With the Northern Shrike still hanging around the Meadowlands, I decided to give it another shot. Even if the bird didn't show up, some of the ice had apparently melted and there had been at least 9 species of duck in the early part of the week. So I ventured out into the dark at 5:45am and headed to Rutgers to pick up fellow birder Tom Reed. We ended up taking the "scenic route" to get there (translation: my GPS took us back and forth across Newark Bay), but still ended up arriving just as the sun was coming up.
Soaking in the first bit of morning light, we started down the Saw Mill Creek Path from Disposal Road. It wasn't long before we heard an odd sound coming from just up ahead. Soon enough we located the silhouette of a bird perched on one of the high tension wire bases. As it turned its head, we could make out the hooked beak and knew it was going to be a good morning.
We made our way slowly down the trail and put the sun to our backs. And there it was - the Northern Shrike, sitting and singing calmly next to a high voltage sign. As are many of my birding experiences in the Meadowlands, the entire thing was a bit surreal. With huge jumbo jets flying overhead, sirens going off in every conceivable direction, and the New York City skyline just behind us...this little predatory powerhouse didn't seem to be out of his element at all. The shrike sat and soaked up the sun as we watched and listened to him vocalize for about 20 minutes. You can hear a brief clip of a Northern Shrike at Cornell's All About Birds site. The last note in the clip is what this particularly individual was doing for most of the time we observed him, so it was a bit more attractive than the recording in the link.
Unfortunately a dog was walked by and the bird headed for the hills. He perched briefly at the very top of a tree (classic shrike behavior), and then dove down into some Phragmites.
With our fingers crossed for another meeting later that day, we continued down the path in the direction of the New Jersey Turnpike. A few Northern Harriers hunted across the water over the landfill, and a Red-Tailed Hawk flew overhead. The ducks were the real non-shrike stars of the day, though. On the first leg of the trail Northern Pintail were plentiful. These are extremely handsome ducks, and one drake even hung around the edge of the trail long enough for me to get some relatively up-close photos of him in the morning light.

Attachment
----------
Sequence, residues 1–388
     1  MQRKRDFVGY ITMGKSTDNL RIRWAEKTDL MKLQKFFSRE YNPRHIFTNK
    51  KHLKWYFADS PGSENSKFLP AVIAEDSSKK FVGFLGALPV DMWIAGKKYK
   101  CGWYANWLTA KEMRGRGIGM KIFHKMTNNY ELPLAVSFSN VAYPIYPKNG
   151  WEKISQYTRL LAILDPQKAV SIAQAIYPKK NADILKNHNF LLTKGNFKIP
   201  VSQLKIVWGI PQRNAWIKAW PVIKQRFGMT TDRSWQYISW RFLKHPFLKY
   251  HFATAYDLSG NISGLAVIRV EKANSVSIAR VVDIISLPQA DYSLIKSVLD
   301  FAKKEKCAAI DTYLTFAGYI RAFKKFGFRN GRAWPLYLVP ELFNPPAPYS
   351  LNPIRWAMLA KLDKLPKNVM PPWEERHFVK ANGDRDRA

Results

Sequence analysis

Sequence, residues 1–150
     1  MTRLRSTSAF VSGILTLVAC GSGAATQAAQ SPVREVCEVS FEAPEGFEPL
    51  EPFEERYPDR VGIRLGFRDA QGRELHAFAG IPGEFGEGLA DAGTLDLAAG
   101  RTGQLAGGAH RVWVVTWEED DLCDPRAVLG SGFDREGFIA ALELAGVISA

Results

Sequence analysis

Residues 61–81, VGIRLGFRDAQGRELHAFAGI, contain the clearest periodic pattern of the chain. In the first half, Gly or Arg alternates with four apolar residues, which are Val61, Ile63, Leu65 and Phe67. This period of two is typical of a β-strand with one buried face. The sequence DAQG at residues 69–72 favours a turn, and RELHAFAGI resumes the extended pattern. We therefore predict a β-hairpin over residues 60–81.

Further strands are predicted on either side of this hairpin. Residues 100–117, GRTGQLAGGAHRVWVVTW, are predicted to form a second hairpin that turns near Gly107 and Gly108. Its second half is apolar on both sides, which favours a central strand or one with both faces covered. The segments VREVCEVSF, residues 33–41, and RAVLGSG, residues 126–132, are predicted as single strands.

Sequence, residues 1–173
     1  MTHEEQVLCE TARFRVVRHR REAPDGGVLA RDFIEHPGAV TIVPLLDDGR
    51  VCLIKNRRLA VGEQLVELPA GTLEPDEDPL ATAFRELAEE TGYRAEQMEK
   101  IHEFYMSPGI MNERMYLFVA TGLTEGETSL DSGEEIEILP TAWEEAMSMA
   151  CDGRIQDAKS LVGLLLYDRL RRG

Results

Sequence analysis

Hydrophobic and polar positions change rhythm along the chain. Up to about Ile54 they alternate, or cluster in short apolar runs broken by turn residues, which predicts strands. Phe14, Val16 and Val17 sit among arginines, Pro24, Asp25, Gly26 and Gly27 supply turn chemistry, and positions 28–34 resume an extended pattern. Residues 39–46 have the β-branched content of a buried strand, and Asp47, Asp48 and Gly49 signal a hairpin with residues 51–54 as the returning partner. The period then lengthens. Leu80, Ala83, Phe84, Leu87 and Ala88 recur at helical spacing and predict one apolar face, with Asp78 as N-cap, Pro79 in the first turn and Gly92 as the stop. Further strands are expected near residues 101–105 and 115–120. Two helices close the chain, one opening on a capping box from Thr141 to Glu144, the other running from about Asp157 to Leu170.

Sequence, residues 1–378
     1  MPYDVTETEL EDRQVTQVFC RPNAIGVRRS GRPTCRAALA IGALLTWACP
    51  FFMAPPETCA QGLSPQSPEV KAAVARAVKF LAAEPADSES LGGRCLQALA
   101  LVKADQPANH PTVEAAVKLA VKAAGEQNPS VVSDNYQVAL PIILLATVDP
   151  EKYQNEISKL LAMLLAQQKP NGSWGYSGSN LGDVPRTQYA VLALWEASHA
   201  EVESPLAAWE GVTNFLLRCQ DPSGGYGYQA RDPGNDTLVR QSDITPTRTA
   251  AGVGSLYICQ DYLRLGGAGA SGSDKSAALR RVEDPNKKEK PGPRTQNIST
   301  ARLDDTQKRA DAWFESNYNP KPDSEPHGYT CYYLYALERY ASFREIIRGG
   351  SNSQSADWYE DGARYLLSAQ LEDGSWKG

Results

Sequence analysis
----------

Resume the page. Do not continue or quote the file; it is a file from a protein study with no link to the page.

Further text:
Mallards and Black Ducks were abundant as well, and we eventually found a hybrid cross between the two. These crosses are becoming increasingly common, and can be picked out of a flock by their wigeon-like green face patches. A male is pictured below, showing that tell-tale mallard coloration in the head.
As we continued walking more and more duck species started popping up. Northern Shoveler and Green-Winged Teal were hanging out on the far shore, and Buffleheads occasionally flew by before splashing down and resuming their diving.
A few Ring-Necked Ducks were also enjoying the favorable weather, along with a female Common Goldeneye.
Common Mergansers flew back and forth across the water, and a few Hooded Mergansers were hanging around toward the end of the trail. We headed back the way we came, but instead turned right, toward the Meadowlands Commission building. After spotting a Ruby-Crowned Kinglet, a Double-Crested Cormorant, and some Red-Winged Blackbirds, we started down another leg of the path to get a closer look at an enormous raft of Canvasback. The dozen or so pictured below were only a fraction of the more than 225 individuals! As we passed them, more and more birds kept flying in and joining the flock.
We also passed these Pintail on the way back, seemingly on their way to a double date.
Gadwall ended up being our 12th species of duck for the day, a fairly exciting total! We were on the lookout for Ruddy Duck and Red-Breasted Merganser, but couldn't extend the count beyond a dozen. Here's a quick rundown again of the ducks we ended up seeing:
As we turned the last corner before reaching the parking lot, something flew across the water and perched on some marsh elder near the osprey platform. After a quick inspection we realized our friend the Northern Shrike and come out for Act 2. He changed perches a few times, until settling in directly in front of the Empire State Building (pictured below). Another surreal sight.
Eventually a jogger came a bit too close and the Northern Shrike shot down into the brush. We searched a bit but realized he had probably exited out of the back of the trail and across the water. We headed back toward the car and called it a morning.
Northern Shrike and twelve ducks?! That's one heck of a way to start a Wednesday!